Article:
Thursday, May 24, 2018

The Ultimate Summer Vacation

A Glatt vacation in Switzerland (Totally Jewish Travel)
Glatt Lemehadrin, Gormet Cuisine, Best Locations, Exceptional Excursions – Switzerland at the Villars Palace Hotel…

This is the gist of an ad I saw in Mishpacha Magazine last week. It is typical of the many ads one finds in magazines like this.  

It sure is fun being rich!

That comment made to me many decades ago has stuck with me to this day. It was made by a Hispanic fellow when we both worked at my brothers’ dental laboratory. He was responding to the brand new car another employee had just bought that had all the ‘bells and whistles’ available in that day.

I always think of this comment when I see the numerous ads like the one above. It amazes me how much wealth there must be among Charedi Orthodox Jews that are targeted by these ads.

The problem is that it isn’t only the wealthy that read these magazines. They entice us all wealthy or not. Perhaps even more-so those of us that are not wealthy. Who wouldn’t want a vacation like that? The thinking among some is where there is a will there is a way. They will find the money somehow.

I can understand the need to get away from the daily grind. A luxury vacation in the Switzerland like the one advertised is a very appealing and ‘kosher’ way to do that. But how ‘kosher’ is it really? Not the food. That is surely kosher enough. But is the actual vacation kosher? Ads like this one appear in great abundance prior to Pesach. But those ads talk mostly about spas and golf courses. Not so much about the actual event Pesach celebrates. 

But that isn’t even the problem I’m address here. It is the fact that people that can’t afford it are somehow enticed into doing it anyway. That may work out well for the organizers and vendors. They make a bundle. (Which they are entitled to do). And it surely works out well for the rich. But for the average individual with a large family to feed and tuition bills to pay, it may not work out so well.

This is in part what causes people to go into debt. Which is not so great for more important vendors in their lives, like the credit giving grocer, or the religious schools that their children attend. Already on scholarships, I suspect that a lot of people can’t even meet their reduced financial obligations. Because they have become victim to the Frum’ version of ‘Madison Avenue’ with ads that are clearly made to entice us all into buying what we can’t afford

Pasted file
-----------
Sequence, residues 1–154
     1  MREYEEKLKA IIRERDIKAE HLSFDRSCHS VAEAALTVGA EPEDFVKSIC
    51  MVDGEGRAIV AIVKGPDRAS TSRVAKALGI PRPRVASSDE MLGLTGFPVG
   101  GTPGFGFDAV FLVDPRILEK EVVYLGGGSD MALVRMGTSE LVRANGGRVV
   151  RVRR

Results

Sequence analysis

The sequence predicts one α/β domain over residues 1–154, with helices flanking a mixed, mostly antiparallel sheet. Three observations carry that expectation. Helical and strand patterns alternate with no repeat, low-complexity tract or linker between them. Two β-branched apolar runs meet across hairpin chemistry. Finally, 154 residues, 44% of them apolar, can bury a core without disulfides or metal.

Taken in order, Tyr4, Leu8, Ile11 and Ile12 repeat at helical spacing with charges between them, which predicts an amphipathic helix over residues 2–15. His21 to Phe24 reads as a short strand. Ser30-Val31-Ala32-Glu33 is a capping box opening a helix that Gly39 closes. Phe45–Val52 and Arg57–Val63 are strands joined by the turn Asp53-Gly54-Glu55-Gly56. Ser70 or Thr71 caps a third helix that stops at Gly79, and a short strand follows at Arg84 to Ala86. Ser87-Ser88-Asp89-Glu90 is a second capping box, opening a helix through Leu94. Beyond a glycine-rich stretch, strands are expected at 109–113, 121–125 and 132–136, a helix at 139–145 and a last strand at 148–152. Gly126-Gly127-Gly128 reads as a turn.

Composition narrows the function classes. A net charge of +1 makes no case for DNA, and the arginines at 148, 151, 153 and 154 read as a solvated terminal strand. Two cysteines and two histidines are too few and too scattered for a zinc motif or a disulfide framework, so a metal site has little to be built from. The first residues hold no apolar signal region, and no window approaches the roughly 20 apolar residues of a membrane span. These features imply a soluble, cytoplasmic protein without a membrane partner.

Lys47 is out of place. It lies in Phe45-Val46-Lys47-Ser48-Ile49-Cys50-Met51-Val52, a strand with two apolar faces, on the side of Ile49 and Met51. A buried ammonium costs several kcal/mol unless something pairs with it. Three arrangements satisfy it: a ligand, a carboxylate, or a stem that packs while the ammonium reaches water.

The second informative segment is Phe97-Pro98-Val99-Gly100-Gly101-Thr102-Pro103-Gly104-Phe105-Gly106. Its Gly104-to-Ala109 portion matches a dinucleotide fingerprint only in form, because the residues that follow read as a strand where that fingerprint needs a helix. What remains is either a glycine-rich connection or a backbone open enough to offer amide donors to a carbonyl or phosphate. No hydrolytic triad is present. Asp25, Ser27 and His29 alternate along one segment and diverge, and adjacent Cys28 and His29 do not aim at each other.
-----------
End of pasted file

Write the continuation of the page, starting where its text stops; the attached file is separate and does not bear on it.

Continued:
Please do not misunderstand. This is not to deprive the wealthy from enjoying their wealth. I have no problem advertising to them. God bless them. But for the rest of us it creates a desire to pursue a materialism that we can’t afford. And worse - it sometimes causes the kind of debt which in some cases ends up in the inability to pay at all - those should be first in line to be paid. All because of a materialism fueled it part by those ads. 

So yes, it’s fun being rich. But that should not cause us to pretend that we are - when we’re not. There is absolutely no Mitzvah to keep up with the Katzes and Cohens.

I’m not sure what to do about those ads.  People can advertise a product they sell. Nothing unethical there. And magazines are entitled to sell ads to anyone they want. Nothing unethical there either. They are in the business of making money. Of which selling ads is the primary means of doing that.

In the meantime the problem is still there. It is human nature to respond to luxury ads with a desire to have what they offer. But I think its important to know what we can - and can’t afford. And not to try and figure out ways to somehow get those things anyway.

What to do about it.

In some ways the line ‘It sure is fun being rich’ speaks to that. It is the realization that indeed it is fun, but it is also true that we are not rich enough to afford it. One can dream – and hope that someday they will be able to - but to otherwise realize that we should appreciate what we do have and what we can afford. The sages say it best (Avos 4:1): Ezeh Hu Asher? HaSameach B’Chelko. Who is the rich man? The one that is happy with his portion.

Although this post speaks about a Charedi Magazine and its target audience, it is not meant specifically as a criticism of Charedim. I just that happened to see this ad in Mishpacha. The fact is that there are no decent MO weekly magazines. I therefore comment on what I read.  But the thoughts expressed here apply to people of all Hashkafos.